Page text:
Children who are looked after by local authorities tend to have low attainment and generally poor outcomes beyond school. This is the depressing message of research over many years. Yet, I am optimistic that we will improve this shameful situation.
I base my optimism in part on the findings of a study which researchers at the University of Strathclyde recently completed for the Scottish Government. As part of a study of 18 local authority pilot projects, we examined attendance, exclusion and attainment data for more than 600 looked after children and young people. We found that attendance at school improved in all age groups, significantly among nine to 10-year-olds and those over 15 - almost half of the study population - and exclusions reduced significantly among the over 15s.
Attainment in reading, writing and mathematics improved by one 5-14 level in one year for 40 per cent of those in this age range, a rate of improvement better than the average for looked after children in Scotland and similar to those who are not looked after.
We also found a relationship between high involvement in pilot activities and progress in reading and writing, though not in maths (perhaps because literacy featured highly in many projects). The attitudes and values of professionals working with these young people and their families were crucial components of success.
Collecting the data required persistence, and we confirmed the findings of previous research highlighting the inadequacies of systems for recording and tracking the achievements of looked after children. There is also a lack of clarity about how to record data for some looked after children, a critical issue for older young people who attend off-site education or are in part-time education. Their attendance and achievements may be recorded incorrectly or not recorded at all by the mainstream school in which they are enrolled.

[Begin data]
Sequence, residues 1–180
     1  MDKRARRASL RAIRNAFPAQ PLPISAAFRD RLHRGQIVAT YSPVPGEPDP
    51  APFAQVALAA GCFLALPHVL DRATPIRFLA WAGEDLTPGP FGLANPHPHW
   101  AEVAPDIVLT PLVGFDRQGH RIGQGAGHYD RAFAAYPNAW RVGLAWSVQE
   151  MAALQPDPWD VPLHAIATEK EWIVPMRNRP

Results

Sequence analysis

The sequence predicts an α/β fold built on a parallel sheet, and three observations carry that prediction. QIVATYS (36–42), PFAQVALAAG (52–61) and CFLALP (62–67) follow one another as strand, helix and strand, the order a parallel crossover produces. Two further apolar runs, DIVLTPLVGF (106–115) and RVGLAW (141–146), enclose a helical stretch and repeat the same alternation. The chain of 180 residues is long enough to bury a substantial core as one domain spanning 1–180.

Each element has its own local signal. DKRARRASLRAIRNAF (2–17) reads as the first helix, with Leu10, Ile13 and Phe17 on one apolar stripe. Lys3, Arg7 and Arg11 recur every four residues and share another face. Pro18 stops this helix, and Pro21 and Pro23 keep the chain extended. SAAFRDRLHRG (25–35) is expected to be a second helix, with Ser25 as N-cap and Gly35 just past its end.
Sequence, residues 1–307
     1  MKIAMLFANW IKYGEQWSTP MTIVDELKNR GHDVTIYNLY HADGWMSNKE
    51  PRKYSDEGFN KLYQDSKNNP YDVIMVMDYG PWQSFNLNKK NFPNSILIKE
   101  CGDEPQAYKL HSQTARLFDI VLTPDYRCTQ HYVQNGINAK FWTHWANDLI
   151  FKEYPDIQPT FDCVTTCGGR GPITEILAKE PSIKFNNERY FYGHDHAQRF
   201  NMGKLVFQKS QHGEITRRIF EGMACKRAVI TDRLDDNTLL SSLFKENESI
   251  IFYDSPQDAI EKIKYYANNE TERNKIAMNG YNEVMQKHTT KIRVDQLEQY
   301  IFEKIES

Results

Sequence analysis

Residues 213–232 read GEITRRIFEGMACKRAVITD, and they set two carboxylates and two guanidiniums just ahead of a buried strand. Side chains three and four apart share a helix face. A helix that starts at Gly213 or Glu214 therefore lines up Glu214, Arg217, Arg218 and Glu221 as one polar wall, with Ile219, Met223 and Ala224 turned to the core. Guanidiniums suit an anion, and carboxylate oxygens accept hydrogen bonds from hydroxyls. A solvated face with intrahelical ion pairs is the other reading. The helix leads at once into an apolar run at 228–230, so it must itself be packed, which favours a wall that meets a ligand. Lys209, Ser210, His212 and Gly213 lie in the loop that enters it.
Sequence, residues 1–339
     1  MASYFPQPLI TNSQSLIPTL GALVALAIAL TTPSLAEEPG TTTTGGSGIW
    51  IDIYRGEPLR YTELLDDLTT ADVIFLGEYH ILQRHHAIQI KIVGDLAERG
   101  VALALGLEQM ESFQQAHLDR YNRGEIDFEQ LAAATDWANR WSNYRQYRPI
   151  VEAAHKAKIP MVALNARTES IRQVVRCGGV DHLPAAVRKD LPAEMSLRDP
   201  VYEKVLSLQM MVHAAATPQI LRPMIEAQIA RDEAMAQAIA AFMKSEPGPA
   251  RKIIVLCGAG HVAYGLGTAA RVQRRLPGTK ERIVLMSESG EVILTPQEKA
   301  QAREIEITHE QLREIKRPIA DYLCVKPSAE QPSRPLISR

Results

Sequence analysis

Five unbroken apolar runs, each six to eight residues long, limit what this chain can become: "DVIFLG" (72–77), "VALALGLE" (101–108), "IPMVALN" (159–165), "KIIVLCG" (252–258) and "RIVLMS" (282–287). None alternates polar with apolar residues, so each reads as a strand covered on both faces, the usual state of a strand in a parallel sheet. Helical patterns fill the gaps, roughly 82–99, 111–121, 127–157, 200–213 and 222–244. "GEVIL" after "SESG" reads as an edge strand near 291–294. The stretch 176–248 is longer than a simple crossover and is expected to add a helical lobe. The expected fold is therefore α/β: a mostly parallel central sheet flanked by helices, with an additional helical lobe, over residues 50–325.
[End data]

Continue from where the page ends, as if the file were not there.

The case histories typically show a point when normal progress was affected, often due to a move caused by a traumatic event in the family. Sadly, while effective social and emotional supports are usually provided without delay, the effects on education are more likely to be overlooked.
There is a simple message: one person, or committee, in an authority needs to have responsibility for reviewing the educational progress of all looked after children. This needs to happen regularly. The review group needs to have a degree of clout, to ensure that when concerns are raised, the necessary supports can be provided without delay.
Detailed guidance for local authorities on being a corporate parent is provided in a new Scottish Government publication, These are our Bairns. It says that education services will know they have made a difference when they can give a positive answer to the question: "Would this be good enough for my child?"
There is greater awareness of the need to improve education for looked after children and, though there are many challenges, our research highlighted innovative approaches by professionals. I remain optimistic.
Graham Connelly is a senior lecturer in education at Strathclyde University.